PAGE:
“One thing that really stood out about this crop is the extent of the drought damage. It wasn’t just a portion of the state, or just one region, but rather was affecting the entire crop,” said Justin Gilpin, chief executive officer of Kansas Wheat. “Although the wheat was disappointing, the tour itself was still a great experience. This year brought together an incredibly diverse representation of all aspects of the grain chain, including farmers, wheat buyers, millers, government representatives and even participants from Wal-Mart and Brazil.”

On the third and final day of the tour, participants made fewer stops on their route from Wichita to Kansas City, but still reported seeing drier than normal conditions. Scouts made 45 stops and reported an average estimate of 37.8 bushels per average, significantly lower than last year’s 52.3 bushels per average based on 29 stops.

“There is a lot of poor and fair wheat out there with not enough good to excellent fields,” said Daryl Strouts, executive director of the Kansas Wheat Alliance and long-time tour participant. “If the state does not receive normal to abundant rainfall soon, then the wheat will not even meet its current potential.”

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Wheat Tour 14 estimates lowest production since 1996

by Marsha Boswell, contributing editor, director of communications, Kansas Wheat

The Wheat Quality Council 2014 Hard Winter Wheat Tour wrapped up on May 1. Crop scouts estimated production for the Kansas crop at 260.6 million bushels. This would be the lowest production since 1996. The average yield, calculated from 587 stops, was 33.2 bushels per acre.

Twenty vans with crop scouts surveyed and evaluated the potential of the hard winter wheat crop the week of April 28 to May 1, 2014. The participants attended a brief training and tour overview session in Manhattan on the evening of April 28.

Day one saw the cars traveling on six different routes from Manhattan to Colby. Despite rain, bitter cold and bellowing winds, scouts saw clear, consistent evidence of drought stress on the first day of the annual HRW Wheat Quality Tour. Scouts in 20 vans made 271 stops on the first day of the tour from Manhattan to Colby. Overall, the groups reported an average of 34.7 bushels per acre, well below last year’s average and the five-year average, both at 43.8 bushels per acre. This also is the lowest Day 1 average since 2001, when scouts reported an average of 32.6 bushels per acre. Overall, Tuesday’s reports indicated the wheat crop in the northern half of the state is behind normal crop progress, short and in need of moisture soon.

“Moisture in the next 30 days is critical and important to more than just the wheat crop, extending into planting decisions for the rest of the spring,” said Rich Randall, Kansas Wheat commissioner who farms Scott City, Kansas.

On day two, the cars traveled from Colby to Wichita. Several cars went into the far western Kansas counties and three cars actually covered the northern tier of Oklahoma counties. Scouts on the second day of the 2014 HRW Wheat Quality Tour reported the lowest yields in at least the last 14 years as they traveled south and east from Colby to Wichita. Along the six routes, scouts made a total of 271 stops on Wednesday. They estimated the average yield at 30.8 bushels per acre, substantially below last year’s average of 37.1 bushels per acre on Day 2. Lack of moisture continues to dominate concerns. Scouts reported extremely dry conditions, which has resulted in shorter than normal wheat and thin stands. Scattered fields had headed out, with participants seeing fewer spikelets and smaller heads than expected. Drought conditions continue to persist for the fourth year in a row in some places.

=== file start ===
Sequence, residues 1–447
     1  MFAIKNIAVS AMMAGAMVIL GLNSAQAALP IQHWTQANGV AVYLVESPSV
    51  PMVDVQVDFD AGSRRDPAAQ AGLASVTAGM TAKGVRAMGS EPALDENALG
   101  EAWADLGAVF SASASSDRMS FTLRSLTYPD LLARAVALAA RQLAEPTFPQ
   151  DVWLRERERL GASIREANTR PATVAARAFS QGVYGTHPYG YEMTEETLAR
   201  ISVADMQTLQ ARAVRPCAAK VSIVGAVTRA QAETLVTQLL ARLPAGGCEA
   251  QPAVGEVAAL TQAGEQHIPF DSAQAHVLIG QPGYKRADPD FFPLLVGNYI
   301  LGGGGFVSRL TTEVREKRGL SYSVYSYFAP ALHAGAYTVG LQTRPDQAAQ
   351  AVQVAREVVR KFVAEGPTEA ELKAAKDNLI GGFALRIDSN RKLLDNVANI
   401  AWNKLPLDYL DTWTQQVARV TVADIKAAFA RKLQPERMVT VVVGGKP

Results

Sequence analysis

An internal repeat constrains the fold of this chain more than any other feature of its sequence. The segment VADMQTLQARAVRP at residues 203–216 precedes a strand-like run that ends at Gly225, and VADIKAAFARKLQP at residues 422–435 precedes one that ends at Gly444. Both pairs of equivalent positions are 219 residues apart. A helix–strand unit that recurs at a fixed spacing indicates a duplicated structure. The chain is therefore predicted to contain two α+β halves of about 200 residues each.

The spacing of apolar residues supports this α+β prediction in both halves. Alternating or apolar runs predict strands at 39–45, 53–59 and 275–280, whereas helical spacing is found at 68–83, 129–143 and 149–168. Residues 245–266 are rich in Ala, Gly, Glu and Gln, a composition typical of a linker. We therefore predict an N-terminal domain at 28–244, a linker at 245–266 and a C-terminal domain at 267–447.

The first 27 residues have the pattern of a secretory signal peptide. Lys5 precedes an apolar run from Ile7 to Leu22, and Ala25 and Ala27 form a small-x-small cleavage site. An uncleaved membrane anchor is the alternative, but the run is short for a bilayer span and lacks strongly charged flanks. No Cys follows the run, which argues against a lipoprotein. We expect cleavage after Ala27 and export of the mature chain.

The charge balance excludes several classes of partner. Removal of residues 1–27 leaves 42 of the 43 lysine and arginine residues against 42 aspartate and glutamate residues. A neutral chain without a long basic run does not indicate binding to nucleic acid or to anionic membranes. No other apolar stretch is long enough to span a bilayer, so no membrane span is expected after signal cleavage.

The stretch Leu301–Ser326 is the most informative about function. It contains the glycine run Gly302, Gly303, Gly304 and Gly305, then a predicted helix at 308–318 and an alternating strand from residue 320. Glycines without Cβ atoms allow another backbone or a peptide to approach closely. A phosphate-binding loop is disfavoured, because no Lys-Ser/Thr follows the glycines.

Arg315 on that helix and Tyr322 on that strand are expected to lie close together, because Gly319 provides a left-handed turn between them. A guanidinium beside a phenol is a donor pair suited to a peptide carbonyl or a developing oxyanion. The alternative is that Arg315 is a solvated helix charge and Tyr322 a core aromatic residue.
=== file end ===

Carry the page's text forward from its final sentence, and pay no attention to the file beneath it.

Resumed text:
Kansas Wheat Commissioner and Clearwater-area farmer, Scott Van Allen, wasn’t surprised at the low yields being reported. He commented the crop still had great potential as recently as three weeks ago, but as the temperatures have warmed and moisture supplies continue to dissipate, he has grown less optimistic. Van Allen stated, “If moisture arrives in the near future, maximum yields in our area will probably be in the 35-40 bushel range. That’s a far cry from yields we were hoping for as the crop first broke dormancy this spring.”

Day three concluded the trip with cars traveling from Wichita to Kansas City. The final estimates for average yield as well as total Kansas wheat production were released after the group’s final meeting in Kansas City.

The calculated average from the entire tour was 33.2 bushels per acre. Last year, the tour estimated Kansas wheat production would average 41.1 bushels per acre, close to the final USDA National Agricultural Statistics Service’s final yield for Kansas of 38 bushels per acre. The scouts use a formula provided by Kansas Agricultural Statistics Service to arrive at their calculated average. The formula is based on a 10-year rolling average and changes slightly from year to year.

All the yield estimates from the tour assume decent moisture and average temperature prospects from now until harvest.

According to Mark Hodges, executive director of Plains Grains, Inc., the tour estimates at this point are reporting top-end yield potential, “We cannot make any more wheat, we can only preserve what we already have.”

The crop is several weeks behind normal in terms of maturity; Monday’s Crop Report from Kansas Ag Statistics indicated that just 4% of the crop has headed out, compared to 1% last year and 17 average. Winter wheat condition rated 13 percent very poor, 24 poor, 42 fair, 20 good, and 1 excellent. Winter wheat jointed was 56 percent, near 52 last year but behind the five-year average of 74.